- Data Aggregators: These indexes compile approximately 20 million business listings across the United States. They license or syndicate their data to most search engines.
- Local Business Directories and Blogs: Local business directories and blogs are well-indexed by search engines and highly associated with a particular city or region. Business locations that are listed in these directories or mentioned on local blogs are viewed as trusted and relevant results.
- Industry Business Directories and Blogs: The membership directory of your trade organization or a blog that is popular among readers in your industry will both be crawled by search engines for citations.
Google wants to display the most relevant results and hence compares the address information on your website with the information on Google My Business and then validates this with the information on your business around the web. If your local data appears to be inconsistent or outdated, Google is less likely to rank your business in the local search results. As a result, it is critical to maintain consistent NAP (name, address, phone number) and manage your citations around the web. If Google detects a different address for your business, it is going to consider the information unreliable and won’t rank your business in the local search results.
- Master local link building for every location page
Local SEO is also heavily influenced by back-links. You will need to build visibility and reputation for all your locations in their local market in order to create local back-links. Creating back-links for every location that’s page of a multi-location business can be a daunting task, but these tips will give you already a good head start:
- Local Clients: List your local clients and link to their websites.
- Local Customer Reviews: Post local testimonials.
- Local Case Studies: Write unique case studies for each location. Case studies not only result in great content, they also boost your business’ credibility.
- Local Photo Gallery: Create a photo gallery for each location and correctly geo-tag all pictures.
- Engage in your local community: Do something good for your community. Participate in local charity events or sponsor local initiatives. It even might get you a link in the local online newspaper.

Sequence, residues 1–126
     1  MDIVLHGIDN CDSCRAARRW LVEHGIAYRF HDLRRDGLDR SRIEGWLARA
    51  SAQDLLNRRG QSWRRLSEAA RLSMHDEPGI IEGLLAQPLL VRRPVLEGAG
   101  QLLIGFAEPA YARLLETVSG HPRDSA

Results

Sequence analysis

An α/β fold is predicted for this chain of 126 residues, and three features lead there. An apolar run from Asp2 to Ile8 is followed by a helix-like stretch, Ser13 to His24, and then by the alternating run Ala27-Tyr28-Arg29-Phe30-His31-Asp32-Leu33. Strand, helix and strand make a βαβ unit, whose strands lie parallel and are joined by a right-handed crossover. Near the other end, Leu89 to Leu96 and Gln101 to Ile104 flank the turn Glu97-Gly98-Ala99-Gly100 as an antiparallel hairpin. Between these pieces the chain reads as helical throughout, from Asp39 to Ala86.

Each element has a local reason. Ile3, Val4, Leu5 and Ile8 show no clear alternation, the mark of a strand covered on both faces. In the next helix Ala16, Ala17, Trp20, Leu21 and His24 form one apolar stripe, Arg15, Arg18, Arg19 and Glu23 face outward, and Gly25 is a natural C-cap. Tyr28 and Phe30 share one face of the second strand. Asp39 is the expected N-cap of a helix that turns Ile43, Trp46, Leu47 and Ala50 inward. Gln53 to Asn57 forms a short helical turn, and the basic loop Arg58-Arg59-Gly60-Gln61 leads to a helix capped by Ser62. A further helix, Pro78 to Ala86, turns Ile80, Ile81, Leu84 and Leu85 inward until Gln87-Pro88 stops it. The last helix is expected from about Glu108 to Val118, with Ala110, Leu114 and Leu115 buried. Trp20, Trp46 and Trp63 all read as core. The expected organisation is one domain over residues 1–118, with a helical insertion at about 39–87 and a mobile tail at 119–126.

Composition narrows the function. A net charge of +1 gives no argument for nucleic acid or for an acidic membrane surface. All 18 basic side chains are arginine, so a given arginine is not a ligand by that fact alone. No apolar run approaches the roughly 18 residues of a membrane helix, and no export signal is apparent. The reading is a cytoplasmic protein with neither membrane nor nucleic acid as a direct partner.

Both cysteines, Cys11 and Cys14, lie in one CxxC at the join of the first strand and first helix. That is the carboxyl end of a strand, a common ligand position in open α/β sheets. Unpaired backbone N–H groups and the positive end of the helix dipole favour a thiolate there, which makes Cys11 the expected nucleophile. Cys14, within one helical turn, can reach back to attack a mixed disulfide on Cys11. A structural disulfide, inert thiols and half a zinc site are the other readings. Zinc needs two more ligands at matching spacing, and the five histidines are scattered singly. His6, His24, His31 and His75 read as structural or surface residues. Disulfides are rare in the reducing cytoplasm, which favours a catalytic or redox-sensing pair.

- Local Awards: Participate in local contests and awards. Sometimes you have to win the award to get listed, other times just a nomination can earn you a link.
- Local content: Creating local shows you are a member of the community and with the proper efforts, it might get you additional links.
- Get qualitative reviews
With studies suggesting that 9 out of 10 users read reviews to determine the quality of a local business, a positive online reputation is key. Online reviews, furthermore, drive engagement to your listing and help your business rank higher on local search results.
Before developing a review acquisition strategy, it is important to first determine which review platforms work best for your business. People mistakenly believe Google values its own reviews more than those on other sites, but websites with a strong brand name or industry-focus rank especially well on Google.
Second, when developing your review strategy, keep in mind that Yelp and other review websites are using review filters to detect fake reviews, spam and other suspicious-looking content. Following factors tend to trigger filtration:
- Use of extreme adjectives or profanity in the review
- Overuse of keywords in the review
- Inclusion of links in the review
- First time or infrequent reviewers
Hence, it is important not to ask everyone to write a review, but instead build a slow, steady and accurate pool of reviews on different review websites. Keep the following tips in mind when developing your review acquisition strategy:
- Link your local review profiles to your location pages.
- Request a review from your customers upon completion of service. Hand out cards, print it on receipts or just ask customers as they are paying the bill. Offering incentives for leaving reviews is not a good idea as it is against Yelp’s, Google’s and other review sites’ guidelines.
- Put up signs in your business, and list the websites customers can review your business on.
- Follow up with an email and link to the websites where your customer can leave a review.
- Respond to reviews. Thank your customers for taking the time to leave a review and show your appreciation for their feedback.
- Exploit the indirect impact of social signals
Mentions of your business on social media have both a direct and indirect impact on your business’ local search results. The direct impact comes from the number of Facebook likes and shares, number of Twitter followers, number of tweets mentioning your business’ name, number of tweets or Facebook posts including a link to your website, and number of people that have your business in their Google+ circles. The indirect impact comes from:
- Increased Traffic: Social links drive more traffic to your website and improve your visibility, which in turn increase your ability to generate more inbound links and citations.
- Increased Domain Authority: Traffic to your website from trusted social channels is likely to increase domain authority.
- Increased Average Time on Site: Customers that are familiar with a particular brand on social media are more likely to become repeat website visitors and spend more time on the websites.
For businesses with multiple locations, it is important to create a separate profile for each location on both Facebook and Google My Business, and to link these profiles to each local micro-website. With Facebook Locations, franchises or multi-locations businesses can easily set up and manage a Facebook page for each of their locations. Meanwhile, Google allows you to easily import, verify and edit multiple locations at once with Google Locations.
By increasing your focus on local initiatives using the tips outlined above, your multi-location business can gain more visibility with potential customers and dominate local search results.